Surprise! The workers who were taking down the tents and temporary pontoons were not yet finished with their task. We were given the choice of lying on the outside of the pontoons or finding another marina. The wind was brisk and coming straight into the marina making the waves in the entire harbour quite choppy. We clearly did not want to moor on the outside of the marina. The ferries and cruise lines that enter and exit Oslo also create a lot of waves. We opted to go to Dronninghavna.
A view of the Dronninghavna boat club, with the Holmenkollen ski jump in the background
Unfortunately, Dronninghavna did not a berth for our boat and we were given a waiting pontoon. We weren’t pleased with the situation. We were told that all of the marinas in Oslo were full because all of the visiting boats and even the permanent renters of berths at Akerbrygge were relegated to the other Oslo marinas. There was nothing to do but accept the situation. At least they let us use the waiting pontoon free of charge (there’s no water, electricity or access to toilets, etc.)
Dronninghavna boat club on the island of Bygdøy, just outside of Oslo city centre
The Dronninghavna is otherwise a good choice for those of you who want to visit the most famous of all of the Oslo museums: the Viking Ship Museum, the Kontiki Museum, the Fram museum and the Norwegian Folk Museum. They are all on the same island as the marina, Bygdøy.
Finally, on the Wednesday after the boat show, we were permitted to up at the Aker Brygge marina. This is the marina closest to the city centre of Oslo. Aker Brygge is a modern waterfront neighbourhood that successfully blends restaurants, cafés, boutiques, offices and living space. For anyone who loves modern architecture, this place is just amazing!
Aker Brygge Marina
The marina at night
Marina Review: The Aker Brygge marina
The marina is relatively new and you’ll find everything you need, including toilets and showers, a laundry room, wifi, and a small café. The toilets, showers and laundry room were all spotless and in brand new condition. We absolutely loved staying here!
It’s relatively expensive, but you get a pristine marina and walking distance to downtown Oslo for the price.
The only downside is that it can get quite noisy if the weather is nice and there are lots of people out.
Marina Prices: 14 NOK per foot. This includes WiFi, use of toilets, showers, washers and dryers, electricity and water.
Freja moored at the Aker Brygge Marina. The harbour office and facilities are to the right in the photo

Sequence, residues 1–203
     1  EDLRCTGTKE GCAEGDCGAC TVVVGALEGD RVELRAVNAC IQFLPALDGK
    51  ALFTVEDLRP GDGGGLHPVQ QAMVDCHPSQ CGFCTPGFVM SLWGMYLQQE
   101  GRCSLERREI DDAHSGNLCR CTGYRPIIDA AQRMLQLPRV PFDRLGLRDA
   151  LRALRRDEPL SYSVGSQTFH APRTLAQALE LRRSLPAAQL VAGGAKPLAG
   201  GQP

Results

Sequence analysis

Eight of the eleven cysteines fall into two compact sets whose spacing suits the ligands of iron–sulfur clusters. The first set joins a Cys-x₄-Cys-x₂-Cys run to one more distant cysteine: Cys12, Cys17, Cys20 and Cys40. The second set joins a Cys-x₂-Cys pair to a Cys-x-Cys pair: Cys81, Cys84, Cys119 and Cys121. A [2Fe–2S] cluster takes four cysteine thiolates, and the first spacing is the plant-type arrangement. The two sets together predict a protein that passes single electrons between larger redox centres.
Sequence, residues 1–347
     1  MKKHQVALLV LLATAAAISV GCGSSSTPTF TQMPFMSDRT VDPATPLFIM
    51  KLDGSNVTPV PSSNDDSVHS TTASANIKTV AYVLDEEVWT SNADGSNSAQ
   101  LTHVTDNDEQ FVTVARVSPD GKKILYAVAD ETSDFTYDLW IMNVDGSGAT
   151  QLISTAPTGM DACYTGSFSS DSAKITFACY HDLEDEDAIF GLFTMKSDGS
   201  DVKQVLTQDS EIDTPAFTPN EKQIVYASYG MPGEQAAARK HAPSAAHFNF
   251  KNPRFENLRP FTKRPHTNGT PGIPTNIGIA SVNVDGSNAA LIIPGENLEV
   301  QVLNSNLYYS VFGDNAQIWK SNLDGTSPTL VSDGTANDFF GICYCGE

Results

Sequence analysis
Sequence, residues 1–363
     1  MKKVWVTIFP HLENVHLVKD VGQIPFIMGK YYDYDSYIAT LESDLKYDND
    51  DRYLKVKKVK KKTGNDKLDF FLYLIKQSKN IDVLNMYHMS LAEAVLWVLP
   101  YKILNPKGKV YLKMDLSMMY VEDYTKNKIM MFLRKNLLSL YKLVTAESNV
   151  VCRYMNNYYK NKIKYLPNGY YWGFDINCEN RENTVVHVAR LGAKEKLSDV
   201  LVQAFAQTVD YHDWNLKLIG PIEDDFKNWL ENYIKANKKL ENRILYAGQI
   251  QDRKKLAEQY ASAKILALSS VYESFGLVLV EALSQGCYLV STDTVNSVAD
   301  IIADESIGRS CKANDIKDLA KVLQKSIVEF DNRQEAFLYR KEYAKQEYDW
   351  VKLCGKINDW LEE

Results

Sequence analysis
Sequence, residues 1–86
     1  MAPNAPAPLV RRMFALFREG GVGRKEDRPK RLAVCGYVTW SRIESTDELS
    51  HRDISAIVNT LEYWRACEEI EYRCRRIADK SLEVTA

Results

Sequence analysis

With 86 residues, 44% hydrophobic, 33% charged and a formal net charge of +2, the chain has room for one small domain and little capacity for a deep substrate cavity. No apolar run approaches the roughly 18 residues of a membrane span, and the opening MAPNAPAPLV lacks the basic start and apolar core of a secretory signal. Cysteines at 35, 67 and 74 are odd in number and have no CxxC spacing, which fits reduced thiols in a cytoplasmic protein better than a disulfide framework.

The view towards Tjuvholmen from the boat
The Akerbrygge/Tjuvholmen borough of Oslo
The Aker Brygge/Tjuvholmen area was built from land that served as a shipyard and small mechanical factories until 1982. It was then developed, step by step, into the amazing architectural wonderland that it is today.
Aker Brygge on a sunny morning
A few of the buildings were not removed, but renovated and reborn as shops, offices, restaurants and apartments.
A late evening view of the Aker Brygge Marina
Walking Senna through the Aker Brygge/Tjuvholmen area at night
Another part of our dog-walking route
More of the amazing architecture at Aker Brygge
Some of the more well-known architects represented here include Niels Torp (who also designed the beautiful SAS building outside Stockholm), Space Group and Renzo Piano, who designed the Astrup Fearnley Museum on Tjuvholmen. Renzo Piano is also the architect responsible for the Shard in London, the Paul Klee Centre in Bern, Switzerland and the New York Times building in New York. If you are passionate about architecture as an art form, you will love this area.
Tjuvholmen by day…
And Tjuvholmen by night
The Astrup Fearnley Museum of Modern Art on Tjuvholmen island
The Aker Brygge is the part of this new area with the most restaurants, shops, bars and cafés. We had dinners or lunches here and found what we think are Europe’s best croissants for breakfast (it’s the incredible Norwegian butter)! You’ll find lots of different shops and boutiques, but for essentials, there is the Coop grocery store. You can get your internet access card for your router at Telia.
Another part of dog-walking route (and tour of amazing architecture)
One of the many sidewalk restaurants at Aker Brygge/Tjuvholmen. This one has a view of the marina and the Oslo Fjord
Here’s another of the many cozy sidewalk restaurants in the Aker Brygge area
Lovely sculpture and water art in front of yet another sidewalk restaurant
Another view of the incredible modern architecture in Aker Brygge
In my next post, I’ll go over our favourite places to visit in and around Oslo.